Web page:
I dream a lot. Not a night goes by when I do not have quite vivid and complicated dreams so I am naturally interested in the phenomenon. Many of the details in my dreams can be clearly related to events that occurred within the previous day or two but some dreams are recurring. One is a dream in which I want to go to the bathroom and find it extraordinarily hard to find one or the ones that I find are so disgusting that I don’t want to use them. The other is where I have driven somewhere, parked the car and gone inside, and when I return the car is gone and I spend some time trying to search for it, without success. These two recurring dreams are apparently quite common for a lot of people.
There are various theories of dreams. Some people think that they can be portents of the future or telepathic communication, something that I feel can be dismissed out of hand since it implies supernatural forces. All those times when we dream of someone and that person contacts us a few days later or we dream of someone whose death is then reported, can be dismissed as the product of coincidences that occur all the time. The more plausible options are the Freudian idea that dreams are the way that our deep and unconscious desires make themselves known (or that they are fulfillments of our fantasies) or that they are merely stories strung together from the random events of our lives that the brain is always producing and sorting through.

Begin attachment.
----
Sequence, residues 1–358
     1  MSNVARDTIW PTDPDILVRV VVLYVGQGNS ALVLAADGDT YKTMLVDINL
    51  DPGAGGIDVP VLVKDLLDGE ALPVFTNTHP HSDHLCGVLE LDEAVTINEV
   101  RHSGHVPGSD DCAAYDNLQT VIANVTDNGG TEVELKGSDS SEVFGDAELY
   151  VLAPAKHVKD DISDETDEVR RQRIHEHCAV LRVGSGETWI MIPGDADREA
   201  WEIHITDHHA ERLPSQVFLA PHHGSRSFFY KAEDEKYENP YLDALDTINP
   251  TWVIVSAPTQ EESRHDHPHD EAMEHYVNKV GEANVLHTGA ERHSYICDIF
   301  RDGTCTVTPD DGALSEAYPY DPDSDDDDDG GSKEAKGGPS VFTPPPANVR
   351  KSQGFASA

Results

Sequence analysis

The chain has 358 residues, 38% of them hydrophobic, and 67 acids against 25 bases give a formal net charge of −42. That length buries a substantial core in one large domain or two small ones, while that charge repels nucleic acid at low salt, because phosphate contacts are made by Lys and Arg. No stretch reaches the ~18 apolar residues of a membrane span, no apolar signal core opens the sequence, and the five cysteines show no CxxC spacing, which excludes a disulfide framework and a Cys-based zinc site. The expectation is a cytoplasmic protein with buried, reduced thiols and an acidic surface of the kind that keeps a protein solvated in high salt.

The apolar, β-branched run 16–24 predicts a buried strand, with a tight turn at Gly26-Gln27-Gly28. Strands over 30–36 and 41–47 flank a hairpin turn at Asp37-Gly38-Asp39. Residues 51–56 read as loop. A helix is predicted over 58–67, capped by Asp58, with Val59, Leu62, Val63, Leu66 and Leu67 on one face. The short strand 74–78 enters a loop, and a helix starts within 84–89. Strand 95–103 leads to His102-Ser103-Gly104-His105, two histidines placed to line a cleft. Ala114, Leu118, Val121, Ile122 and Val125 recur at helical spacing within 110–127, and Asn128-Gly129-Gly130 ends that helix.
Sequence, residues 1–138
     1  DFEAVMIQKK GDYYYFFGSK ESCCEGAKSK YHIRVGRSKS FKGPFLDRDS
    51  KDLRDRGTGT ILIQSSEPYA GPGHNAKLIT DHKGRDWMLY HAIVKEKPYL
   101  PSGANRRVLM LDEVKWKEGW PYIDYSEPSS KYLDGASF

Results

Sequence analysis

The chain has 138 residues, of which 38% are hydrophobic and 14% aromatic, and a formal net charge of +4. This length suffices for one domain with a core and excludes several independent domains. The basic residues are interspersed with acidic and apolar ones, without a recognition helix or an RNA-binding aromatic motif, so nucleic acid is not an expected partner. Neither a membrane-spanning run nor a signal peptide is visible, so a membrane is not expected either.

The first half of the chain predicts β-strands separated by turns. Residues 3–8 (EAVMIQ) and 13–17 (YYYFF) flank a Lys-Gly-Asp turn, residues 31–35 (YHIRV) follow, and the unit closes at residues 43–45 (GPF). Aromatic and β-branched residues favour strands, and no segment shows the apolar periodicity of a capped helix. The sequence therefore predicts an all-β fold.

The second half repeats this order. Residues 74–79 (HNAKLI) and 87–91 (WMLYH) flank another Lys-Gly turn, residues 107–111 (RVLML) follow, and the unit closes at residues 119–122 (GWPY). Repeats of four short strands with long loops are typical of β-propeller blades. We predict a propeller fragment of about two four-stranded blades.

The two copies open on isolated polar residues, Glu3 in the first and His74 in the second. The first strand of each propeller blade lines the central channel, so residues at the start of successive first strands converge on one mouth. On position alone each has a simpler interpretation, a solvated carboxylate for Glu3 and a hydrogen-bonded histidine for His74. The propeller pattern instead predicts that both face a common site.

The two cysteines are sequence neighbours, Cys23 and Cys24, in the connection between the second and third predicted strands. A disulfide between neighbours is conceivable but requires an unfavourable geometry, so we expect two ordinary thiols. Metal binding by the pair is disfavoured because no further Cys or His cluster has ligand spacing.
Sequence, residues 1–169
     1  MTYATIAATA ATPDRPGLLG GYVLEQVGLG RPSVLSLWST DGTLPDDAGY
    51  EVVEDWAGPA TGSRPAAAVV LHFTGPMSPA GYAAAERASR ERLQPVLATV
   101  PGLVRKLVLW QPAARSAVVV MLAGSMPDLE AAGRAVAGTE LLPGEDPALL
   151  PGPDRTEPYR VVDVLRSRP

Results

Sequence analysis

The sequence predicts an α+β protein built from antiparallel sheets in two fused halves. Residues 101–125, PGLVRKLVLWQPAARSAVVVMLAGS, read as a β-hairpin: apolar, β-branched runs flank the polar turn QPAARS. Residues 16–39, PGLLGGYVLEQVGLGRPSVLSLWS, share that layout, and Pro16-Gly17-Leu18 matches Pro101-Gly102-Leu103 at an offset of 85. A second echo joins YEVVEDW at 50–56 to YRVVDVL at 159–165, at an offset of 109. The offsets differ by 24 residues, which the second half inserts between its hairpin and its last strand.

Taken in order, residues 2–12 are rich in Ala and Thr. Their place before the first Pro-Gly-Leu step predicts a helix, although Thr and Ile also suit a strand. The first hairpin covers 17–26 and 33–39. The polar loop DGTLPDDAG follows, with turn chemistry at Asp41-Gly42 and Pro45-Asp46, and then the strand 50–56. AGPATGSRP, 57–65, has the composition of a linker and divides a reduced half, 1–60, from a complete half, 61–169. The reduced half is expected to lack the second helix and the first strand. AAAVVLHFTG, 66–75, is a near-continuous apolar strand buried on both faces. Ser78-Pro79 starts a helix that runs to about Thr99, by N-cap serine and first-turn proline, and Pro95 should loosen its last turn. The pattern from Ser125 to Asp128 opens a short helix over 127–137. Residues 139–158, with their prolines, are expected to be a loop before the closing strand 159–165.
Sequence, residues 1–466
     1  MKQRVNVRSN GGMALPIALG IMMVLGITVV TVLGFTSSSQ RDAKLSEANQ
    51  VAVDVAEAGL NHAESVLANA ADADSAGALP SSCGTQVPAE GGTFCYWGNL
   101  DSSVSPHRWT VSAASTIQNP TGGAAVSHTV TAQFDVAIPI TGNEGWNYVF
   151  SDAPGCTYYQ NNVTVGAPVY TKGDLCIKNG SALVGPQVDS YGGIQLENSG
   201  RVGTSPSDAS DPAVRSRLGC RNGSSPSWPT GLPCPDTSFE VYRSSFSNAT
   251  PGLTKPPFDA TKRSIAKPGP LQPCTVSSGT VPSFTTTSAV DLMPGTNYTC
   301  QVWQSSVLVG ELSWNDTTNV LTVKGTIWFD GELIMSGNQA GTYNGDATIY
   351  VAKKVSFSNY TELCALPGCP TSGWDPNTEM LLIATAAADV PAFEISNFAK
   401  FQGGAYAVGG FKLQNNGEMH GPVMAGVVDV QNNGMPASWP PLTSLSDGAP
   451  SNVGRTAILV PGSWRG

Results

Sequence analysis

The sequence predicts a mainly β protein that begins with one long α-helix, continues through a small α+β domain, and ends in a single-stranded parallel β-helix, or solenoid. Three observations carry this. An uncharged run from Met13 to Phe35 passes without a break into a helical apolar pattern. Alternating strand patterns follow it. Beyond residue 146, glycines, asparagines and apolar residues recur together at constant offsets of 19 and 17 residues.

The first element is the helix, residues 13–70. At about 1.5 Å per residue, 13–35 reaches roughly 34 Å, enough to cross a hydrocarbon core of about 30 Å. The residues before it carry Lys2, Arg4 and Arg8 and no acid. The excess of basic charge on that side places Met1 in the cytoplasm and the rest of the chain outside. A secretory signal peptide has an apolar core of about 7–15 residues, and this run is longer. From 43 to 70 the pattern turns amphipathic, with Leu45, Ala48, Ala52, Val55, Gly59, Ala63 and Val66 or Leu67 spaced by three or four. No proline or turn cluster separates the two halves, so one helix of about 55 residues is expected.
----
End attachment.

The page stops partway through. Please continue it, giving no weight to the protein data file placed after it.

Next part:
I tend to favor the last explanation. This kind of storytelling apparently goes on even when we are awake but does not reach our consciousness because the sensory inputs that are activated when we are awake (especially sight and sound) and the working of our conscious brain overwhelm them. (This article discusses some recent dream research.)
Another interesting question is why we don’t know we are dreaming in our dreams. Apparently some people do realize this (this is called ‘lucid dreaming’). I don’t think I have ever experienced such dreams. Or maybe I did and have forgotten
That raises another issue and that is why it is that the dreams seem to slip away so easily and quickly once we wake and are hard to recall later. As I said, I have vivid dreams that I recall quite clearly as soon as I wake up, but within minutes I have forgotten most or all of the details. Perhaps it is because unlike ‘real’ memories from our lives which involve sensory inputs, dreams are purely creations of our brain and thus leave a weaker mental footprint, so to speak, that can get easily covered over by new experiences.
Nonetheless dreams are interesting and fun. Unless they are nightmares, of course, which fortunately I never have.